CHICAGO -- Almost half the roster that helped the Chicago Blackhawks win the 2010 Stanley Cup is gone; but their heated rivalry with the Vancouver Canucks is still running red hot.
Despite the departure of former Hawks Dustin Byfuglien, Andrew Ladd, Ben Eager and Adam Burish -- all of whom played a big role in fueling the rivalry originally -- the Canucks are no less motivated to face Chicago on Friday night at the United Center.
The Hawks have already taken the first two meetings of this season between the teams, after ousting Vancouver from the Stanley Cup Playoffs during each of the past two seasons.
"Their top guys are all still here," Vancouver defenseman Kevin Bieksa said. "Their best players are obviously the guys we see the most on the ice. Those are the guys you want to beat. The other guys (who are gone) you just want to beat up."
The rivalry doesn't just stop with the players, though.
The coaches have entered into the fray after a difference of opinion in the aftermath of a 7-1 victory by Chicago the last time the two teams met. Nov. 20 in Vancouver.
In the third period of that game, Chicago was awarded a 5-on-3 power play and Blackhawks coach Joel Quenneville opted to keep rolling through his regular lines, rather than sitting his stars, meaning Patrick Kane and Jonathan Toews were both on the ice for that 5-on-3. It was a move which rankled Canucks coach Alain Vigneault even though the Hawks did not score on the two-man advantage.
Friday morning, Quenneville once again insisted he wasn't trying run up the score in that game. But, time has not healed all wound in the case for Vigneault.
"I think it's every team's right to do what they want," Vigneault said after his team's morning skate at the United Center. "We obviously weren't very good. Five-on-three you send Kane and Toews on the ice. They've got every right to do that. They did it. And that's it."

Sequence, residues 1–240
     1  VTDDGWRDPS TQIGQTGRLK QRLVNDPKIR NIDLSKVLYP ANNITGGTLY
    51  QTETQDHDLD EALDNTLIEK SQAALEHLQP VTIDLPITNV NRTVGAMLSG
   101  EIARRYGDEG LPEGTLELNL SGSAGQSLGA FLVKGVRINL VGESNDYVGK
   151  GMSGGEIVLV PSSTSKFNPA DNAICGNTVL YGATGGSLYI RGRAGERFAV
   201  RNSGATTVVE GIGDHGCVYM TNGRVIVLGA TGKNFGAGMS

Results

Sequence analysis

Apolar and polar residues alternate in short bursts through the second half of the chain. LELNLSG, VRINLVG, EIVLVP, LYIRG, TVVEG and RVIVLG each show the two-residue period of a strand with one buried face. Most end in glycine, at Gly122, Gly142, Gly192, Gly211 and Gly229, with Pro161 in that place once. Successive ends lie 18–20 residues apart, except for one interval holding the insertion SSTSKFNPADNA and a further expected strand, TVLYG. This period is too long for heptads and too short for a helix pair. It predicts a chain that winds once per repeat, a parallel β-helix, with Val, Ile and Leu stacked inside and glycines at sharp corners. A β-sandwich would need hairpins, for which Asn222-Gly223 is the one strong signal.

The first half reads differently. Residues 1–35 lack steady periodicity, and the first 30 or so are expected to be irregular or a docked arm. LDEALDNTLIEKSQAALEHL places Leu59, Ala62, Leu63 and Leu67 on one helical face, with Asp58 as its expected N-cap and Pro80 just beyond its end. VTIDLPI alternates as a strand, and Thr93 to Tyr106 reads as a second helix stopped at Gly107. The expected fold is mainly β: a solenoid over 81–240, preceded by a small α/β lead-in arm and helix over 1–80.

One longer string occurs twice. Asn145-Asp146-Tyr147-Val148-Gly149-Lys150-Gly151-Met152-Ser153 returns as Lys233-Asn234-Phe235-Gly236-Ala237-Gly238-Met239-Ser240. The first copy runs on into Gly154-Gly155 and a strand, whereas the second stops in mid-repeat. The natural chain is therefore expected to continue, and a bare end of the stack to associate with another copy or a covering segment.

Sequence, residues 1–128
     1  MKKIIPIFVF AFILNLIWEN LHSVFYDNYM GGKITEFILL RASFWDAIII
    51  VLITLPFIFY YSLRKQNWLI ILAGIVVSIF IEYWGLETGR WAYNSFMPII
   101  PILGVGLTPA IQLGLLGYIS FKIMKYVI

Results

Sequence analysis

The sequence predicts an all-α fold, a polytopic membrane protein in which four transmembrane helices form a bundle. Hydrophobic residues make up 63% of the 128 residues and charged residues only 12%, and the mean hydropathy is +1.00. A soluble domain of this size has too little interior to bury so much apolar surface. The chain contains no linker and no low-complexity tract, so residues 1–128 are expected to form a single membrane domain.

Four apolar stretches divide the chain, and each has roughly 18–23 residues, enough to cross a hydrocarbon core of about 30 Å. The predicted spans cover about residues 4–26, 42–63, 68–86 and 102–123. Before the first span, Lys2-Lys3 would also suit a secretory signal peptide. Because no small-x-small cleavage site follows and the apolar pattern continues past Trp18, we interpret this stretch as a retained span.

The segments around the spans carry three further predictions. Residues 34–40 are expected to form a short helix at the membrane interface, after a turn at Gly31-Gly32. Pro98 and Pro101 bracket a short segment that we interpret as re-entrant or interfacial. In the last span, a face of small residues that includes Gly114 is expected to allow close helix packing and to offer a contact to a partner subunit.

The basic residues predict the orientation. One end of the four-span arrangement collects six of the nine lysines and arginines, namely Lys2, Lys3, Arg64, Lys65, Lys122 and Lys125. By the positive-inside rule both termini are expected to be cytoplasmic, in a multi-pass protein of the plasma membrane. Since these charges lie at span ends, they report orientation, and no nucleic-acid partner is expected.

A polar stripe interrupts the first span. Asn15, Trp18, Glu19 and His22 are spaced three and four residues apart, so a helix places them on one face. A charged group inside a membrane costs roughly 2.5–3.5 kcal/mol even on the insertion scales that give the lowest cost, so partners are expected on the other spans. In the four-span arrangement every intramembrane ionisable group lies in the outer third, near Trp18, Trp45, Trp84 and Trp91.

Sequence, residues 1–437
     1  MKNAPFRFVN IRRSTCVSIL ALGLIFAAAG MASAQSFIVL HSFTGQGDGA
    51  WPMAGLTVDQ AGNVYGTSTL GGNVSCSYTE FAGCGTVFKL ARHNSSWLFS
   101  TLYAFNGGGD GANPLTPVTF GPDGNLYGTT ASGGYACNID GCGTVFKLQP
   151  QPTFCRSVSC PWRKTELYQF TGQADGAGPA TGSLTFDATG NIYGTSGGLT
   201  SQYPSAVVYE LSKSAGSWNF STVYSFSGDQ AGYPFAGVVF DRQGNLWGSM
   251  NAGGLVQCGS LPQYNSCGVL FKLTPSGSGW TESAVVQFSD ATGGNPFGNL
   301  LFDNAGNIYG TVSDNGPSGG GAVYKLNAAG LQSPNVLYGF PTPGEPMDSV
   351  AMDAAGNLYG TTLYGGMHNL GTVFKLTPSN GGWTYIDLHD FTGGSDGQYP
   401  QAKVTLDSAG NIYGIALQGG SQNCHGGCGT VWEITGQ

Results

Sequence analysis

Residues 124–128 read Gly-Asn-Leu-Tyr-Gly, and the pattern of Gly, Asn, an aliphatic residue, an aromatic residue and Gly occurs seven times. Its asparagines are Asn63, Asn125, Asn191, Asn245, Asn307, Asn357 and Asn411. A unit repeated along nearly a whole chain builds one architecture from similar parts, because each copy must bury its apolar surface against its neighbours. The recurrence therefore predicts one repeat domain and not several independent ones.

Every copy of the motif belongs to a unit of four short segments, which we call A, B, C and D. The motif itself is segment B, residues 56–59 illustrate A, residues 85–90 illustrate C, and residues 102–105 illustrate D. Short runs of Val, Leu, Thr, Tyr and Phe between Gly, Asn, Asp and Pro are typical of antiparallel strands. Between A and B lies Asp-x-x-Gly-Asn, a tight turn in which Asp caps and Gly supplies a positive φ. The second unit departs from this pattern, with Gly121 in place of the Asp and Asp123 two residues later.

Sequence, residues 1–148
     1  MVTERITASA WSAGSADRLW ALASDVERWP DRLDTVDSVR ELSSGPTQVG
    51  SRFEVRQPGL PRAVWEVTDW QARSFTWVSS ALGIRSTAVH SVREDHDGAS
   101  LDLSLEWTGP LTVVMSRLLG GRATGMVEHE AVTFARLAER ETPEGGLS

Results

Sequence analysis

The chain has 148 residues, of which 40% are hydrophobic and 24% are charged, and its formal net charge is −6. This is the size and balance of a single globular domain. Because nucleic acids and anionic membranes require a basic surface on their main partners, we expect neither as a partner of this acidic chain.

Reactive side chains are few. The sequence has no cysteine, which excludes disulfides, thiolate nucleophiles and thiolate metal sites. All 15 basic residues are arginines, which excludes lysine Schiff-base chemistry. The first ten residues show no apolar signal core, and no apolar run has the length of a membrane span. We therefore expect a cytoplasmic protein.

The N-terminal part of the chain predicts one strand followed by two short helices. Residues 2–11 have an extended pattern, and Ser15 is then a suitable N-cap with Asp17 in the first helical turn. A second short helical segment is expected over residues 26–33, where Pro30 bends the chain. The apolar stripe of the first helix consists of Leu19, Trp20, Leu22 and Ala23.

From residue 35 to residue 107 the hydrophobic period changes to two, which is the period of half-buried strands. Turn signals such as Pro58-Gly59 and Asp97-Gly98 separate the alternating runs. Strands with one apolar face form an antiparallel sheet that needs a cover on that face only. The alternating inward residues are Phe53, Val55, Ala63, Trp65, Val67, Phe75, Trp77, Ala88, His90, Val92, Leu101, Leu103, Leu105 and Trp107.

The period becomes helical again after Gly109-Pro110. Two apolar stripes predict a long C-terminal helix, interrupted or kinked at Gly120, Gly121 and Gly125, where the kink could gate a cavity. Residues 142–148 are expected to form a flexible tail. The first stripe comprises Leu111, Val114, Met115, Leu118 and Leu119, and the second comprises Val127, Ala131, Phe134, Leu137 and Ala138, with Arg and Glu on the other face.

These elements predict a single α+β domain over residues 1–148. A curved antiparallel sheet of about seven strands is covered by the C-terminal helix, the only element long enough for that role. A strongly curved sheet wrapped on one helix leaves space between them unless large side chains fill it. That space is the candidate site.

A reporter pointed out that Chicago also had some non-stars in for that power play, but Vigneault was undeterred.
"C'mon, be serious here. Let's go," he said. "Toews and Kane. It's 6-0 (in the third). What do you think? Let's be serious."
He then pointed to Vancouver's 7-2 win against Calgary in its last game as a comparison.
"We just came from Calgary and we were up 6-2 with 3:00 left and my top players didn't see the ice," Vigneault said. "We had a power play. They didn't see the ice. Everybody's got their way of doing things. There's nothing wrong with what (Chicago) did. It's within the rules. They do things their way and we do things ours."
Asked if he'd try to use the 7-1 loss as extra motivation for tonight's game against the Hawks, Vigneault just laughed.
"We've just gotten beat twice by the Blackhawks," he said. "We don't need more motivation than we have now. We're focused on tonight now. We're turned the page on the past."
Quenneville seemed agitated that the 7-1 win is still a topic of conversation.
"It's over as far as I'm concerned," he said. "I think I was doing just the opposite, initially, of what I got accused of. So, leave it at that."
A reporter suggested to Quenneville that he could have put five defensemen on the ice for the 5-on-3 instead of two stars.
"You've also got your own players you've got to worry about," Quenneville responded.
The Vancouver players weren't quite as agiated as their coach after Friday's morning skate.
Vancouver goalie Roberto Luongo, who gave up four of the seven goals in the last game, said he doesn't "remember much," about it. Canucks center Ryan Kesler said he doesn't think the Hawks were trying to rub it in, declaring: "We're not going to let any media rattle us today."
And then there was Bieksa, who said he'd love to have the tables flipped sometime.
"If I was in their situation I would've done the same thing," he said. "If we were up 5-1 on (the Hawks), I'd love to bury them. That's just the way it is."